Who’d of thought that homemade cherry bbq sauce–sweet-spicy and full of flavor, would be so good you’d want to eat it with a spoon!
Since January, I’ve been canning along with the blog Food In Jars Mastery challenge. It’s been so much fun! Lots of camaraderie, super recipes, and inspiration everywhere!
So when a 20 lbs case of sweet cherries arrived from my CSA, canning some Homemade Cherry BBQ Sauce was almost fate!
I made two different recipes, one from Food in Jars, the other from Daring Gourmet. Both were delicious. I was particularly surprised (in a good way) with the FIJ recipe. Since it had no tomato, I wondered if it would taste like BBQ sauce… In the end it was sweet, spicy and flavorful–and absolutely tasted like a good BBQ sauce.
This really began last summer when I ordered a variety of organic BBQ sauces online to make my Iowa BBQ Soup. They were varying degrees of good—including one so bad I had to doctor it up with molasses and catsup to avoid throwing it out! From now on I’ll be making my own!
Both recipes come with canning instructions but if you’re not a canner, you can keep it for at least a couple weeks refrigerated–and online sources say BBQ sauces freeze well too.
I am including the Food in Jars recipe below–cut in half since I am usually too scared to try a full size new recipe, and with one teeny instruction change (I pureed mine before thickening since I prefer doing that). If you are brave and want to try the full batch, you can multiply by 2 or head on over to Food in Jars to check out the original.Recipe Card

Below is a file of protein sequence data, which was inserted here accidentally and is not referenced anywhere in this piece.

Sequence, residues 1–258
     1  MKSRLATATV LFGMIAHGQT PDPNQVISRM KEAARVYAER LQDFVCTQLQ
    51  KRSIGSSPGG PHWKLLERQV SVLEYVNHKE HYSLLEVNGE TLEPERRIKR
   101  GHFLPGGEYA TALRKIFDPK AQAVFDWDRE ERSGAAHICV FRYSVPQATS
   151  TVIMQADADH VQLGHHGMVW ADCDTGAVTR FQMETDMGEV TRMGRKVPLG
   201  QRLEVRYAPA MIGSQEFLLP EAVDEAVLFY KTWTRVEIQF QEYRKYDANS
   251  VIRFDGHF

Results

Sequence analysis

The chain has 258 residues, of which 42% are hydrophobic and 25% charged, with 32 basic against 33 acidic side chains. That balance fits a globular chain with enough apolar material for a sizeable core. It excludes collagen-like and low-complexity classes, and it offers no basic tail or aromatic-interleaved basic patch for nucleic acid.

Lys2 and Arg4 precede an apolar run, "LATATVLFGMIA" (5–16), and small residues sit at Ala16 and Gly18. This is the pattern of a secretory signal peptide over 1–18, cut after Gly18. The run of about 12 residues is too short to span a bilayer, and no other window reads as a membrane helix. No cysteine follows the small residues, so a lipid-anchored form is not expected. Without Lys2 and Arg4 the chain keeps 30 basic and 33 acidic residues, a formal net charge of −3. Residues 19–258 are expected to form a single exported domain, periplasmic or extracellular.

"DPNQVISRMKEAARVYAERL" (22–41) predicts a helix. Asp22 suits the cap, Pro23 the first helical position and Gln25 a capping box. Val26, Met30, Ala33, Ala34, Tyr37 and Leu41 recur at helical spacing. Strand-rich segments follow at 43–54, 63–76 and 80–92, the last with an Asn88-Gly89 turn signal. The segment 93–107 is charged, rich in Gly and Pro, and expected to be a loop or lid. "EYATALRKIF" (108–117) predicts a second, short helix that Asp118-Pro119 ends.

- 1 1/2 pounds cherries, pitted
- 1/2 cup apple cider vinegar
- 1/2 cup brown sugar
- 1/2 cup minced onion
- 1 garlic cloves, minced
- 1 teaspoons smoked paprika
- 1 teaspoons salt (I used lite salt)
- 1/2 teaspoon chili powder
- 1/4 teaspoon cayenne powder
- Combine all ingredients in a medium saucepan and stir to combine.
- Cook covered on medium heat until the cherries and onions have softened, about 20 minutes.
- Transfer to a blender and puree (slowly and carefully, hot foods can spurt out) or puree with an immersion blender.
- Return to the pot and cook, uncovered, until the mixture is reduced by approximately half and is nicely thickened.
- Taste and adjust salt or pepper, as needed.
- When it’s finished, ladle the sauce into prepared jars. Wipe rims, apply lids and rings and process in a boiling water bath for 15 minutes (see note).
- Makes about 2 half pints (I did 1 half pint and 2 half cup jars. The half cup worked perfectly to dilute with water and brush on a cut up chicken (with a little left over for dipping).
- If you double the recipe and puree with a (non-immersion) blender (carefully), you should do it in batches.
- Canning instructions assume you know how to can. If not, you can freeze the sauce or store in the refrigerator and use promptly--or check out canning lessons at Food in Jars.
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